There are a lot of factors for this one: labor is poorly paid, the language barrier, people don't seek out confrontation, and things aren't communicated well. All that being said, if you don't like the answer, ask someone else. 

First Example:
The first drug store I went to, I asked for ibuprofen. I was told, "No have" by a guy in a white lab coat. After a few months, our supply of ibuprofen from home ran out. Rob went to the pharmacy and asked for, "Ibuprofen? Advil?" and was handed a bottle of 100 tablets of 200mg of Advil. 

Second Example: 
When we purchased our prepaid cell phone plans (much cheaper than postpaid), we were told we needed to come into a store every month to reload our accounts. The last time we went in, the cell phone guy said, "You know you can pay this from your phone, right?" Before Rob's brain exploded (this stuff is rough on him), I said very calmly, "We've been in every month since October and this is the first time we've been given this information." Turns out, the cell phone guy was actually the manager, aka the one person at the branch not working on commission. So, it didn't benefit him for us to come in every month, so he told us we didn't have to. That's all it took.

2. Men will talk to other men. This one was hard for me. I pay the bills. I manage our accounts back home. I need to know how things work on the UAE end, and still, I need to have Rob sitting next to me, sometimes re-asking the question I just asked, to get a straight answer.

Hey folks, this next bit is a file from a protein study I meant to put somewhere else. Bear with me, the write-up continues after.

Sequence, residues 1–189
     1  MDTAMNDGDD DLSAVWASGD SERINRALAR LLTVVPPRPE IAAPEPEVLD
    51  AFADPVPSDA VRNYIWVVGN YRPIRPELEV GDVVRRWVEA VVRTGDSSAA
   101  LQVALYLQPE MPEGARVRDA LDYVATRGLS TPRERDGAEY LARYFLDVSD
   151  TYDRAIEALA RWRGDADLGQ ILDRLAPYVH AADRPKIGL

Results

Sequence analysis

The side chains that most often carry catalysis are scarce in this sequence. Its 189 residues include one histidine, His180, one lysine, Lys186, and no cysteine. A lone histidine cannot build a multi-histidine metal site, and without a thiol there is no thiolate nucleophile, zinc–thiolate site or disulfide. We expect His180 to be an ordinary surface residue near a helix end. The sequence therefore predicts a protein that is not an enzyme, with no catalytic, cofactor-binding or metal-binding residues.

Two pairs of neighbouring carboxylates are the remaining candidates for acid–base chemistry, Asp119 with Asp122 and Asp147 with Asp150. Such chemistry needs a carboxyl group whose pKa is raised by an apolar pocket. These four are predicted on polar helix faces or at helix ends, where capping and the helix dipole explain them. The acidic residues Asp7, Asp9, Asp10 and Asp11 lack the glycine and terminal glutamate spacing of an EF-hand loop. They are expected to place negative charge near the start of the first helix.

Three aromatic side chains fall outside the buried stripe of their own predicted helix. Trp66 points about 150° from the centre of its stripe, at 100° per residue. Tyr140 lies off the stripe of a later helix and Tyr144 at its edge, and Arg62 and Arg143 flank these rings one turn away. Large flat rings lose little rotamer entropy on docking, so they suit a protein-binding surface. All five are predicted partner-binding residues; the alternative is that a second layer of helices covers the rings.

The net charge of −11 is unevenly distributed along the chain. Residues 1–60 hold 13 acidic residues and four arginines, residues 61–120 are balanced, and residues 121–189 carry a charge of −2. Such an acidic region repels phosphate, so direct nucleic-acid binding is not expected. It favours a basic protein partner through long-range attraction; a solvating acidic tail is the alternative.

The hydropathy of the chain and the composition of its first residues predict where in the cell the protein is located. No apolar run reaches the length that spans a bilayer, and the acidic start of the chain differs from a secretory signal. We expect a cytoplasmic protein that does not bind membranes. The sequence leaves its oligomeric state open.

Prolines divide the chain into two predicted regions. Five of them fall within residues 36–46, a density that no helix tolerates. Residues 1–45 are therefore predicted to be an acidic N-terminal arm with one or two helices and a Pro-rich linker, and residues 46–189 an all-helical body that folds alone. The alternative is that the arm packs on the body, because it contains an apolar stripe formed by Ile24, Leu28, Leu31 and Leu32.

3. Everything takes 2-3 times as long as you think it will: visits to the bank, grocery shopping, paying a bill, searching for a specific clothing item, etc. 

4. No one is looking out for you besides you. Whether it's figuring out how to pay your bills or how to drive on the freeway, no one is looking out for you, but you. Double check to make sure you understand how to pay your bills online and double, no triple check, your blind spot.

5. When you find something you like at the grocery store, buy seven at a time. Shelves are not consistently stocked with the same items, so when you find it, buy it in bulk.

Saturday, April 26, 2014

HIMYM - Finale

****The below rant includes spoilers.****

I've spent the last however many years (not actually that many, thanks NETFLIX) anticipating meeting Ted's wife and finally, finally hearing the elusive words, "And kids, that's how I met your mother."

And the meeting under the yellow umbrella was cute, their first date was awkward and precious, and then BOOM, "She dies." And he ENDS UP CHASING ROBIN ALL OVER AGAIN! Are you kidding me?

My head was okay with the Barney and Robin split, that seemed almost inevitable. But in my heart, deep down, I wanted the wedding to actually never happen and for them to just be happy, being together...for as long as they both shall live (or at least until the end of the show).

It's true that friends come and go, that life is messy, that everyone doesn't always get a "happily ever after" their first try, so in that way, kuddos to the writers for trying to be real. 

But I was watching HIMYM for the cuteness, the lovey-doveness, and the fairy tale. And I was sorely disappointed. 

Thank goodness for Netflix, where (eventually, when I get over being mad), I'll be able to re-watch my favorite episodes like "Slapbet" and "Ducky Tie" and just pretend that the one weekend season 9 never happened.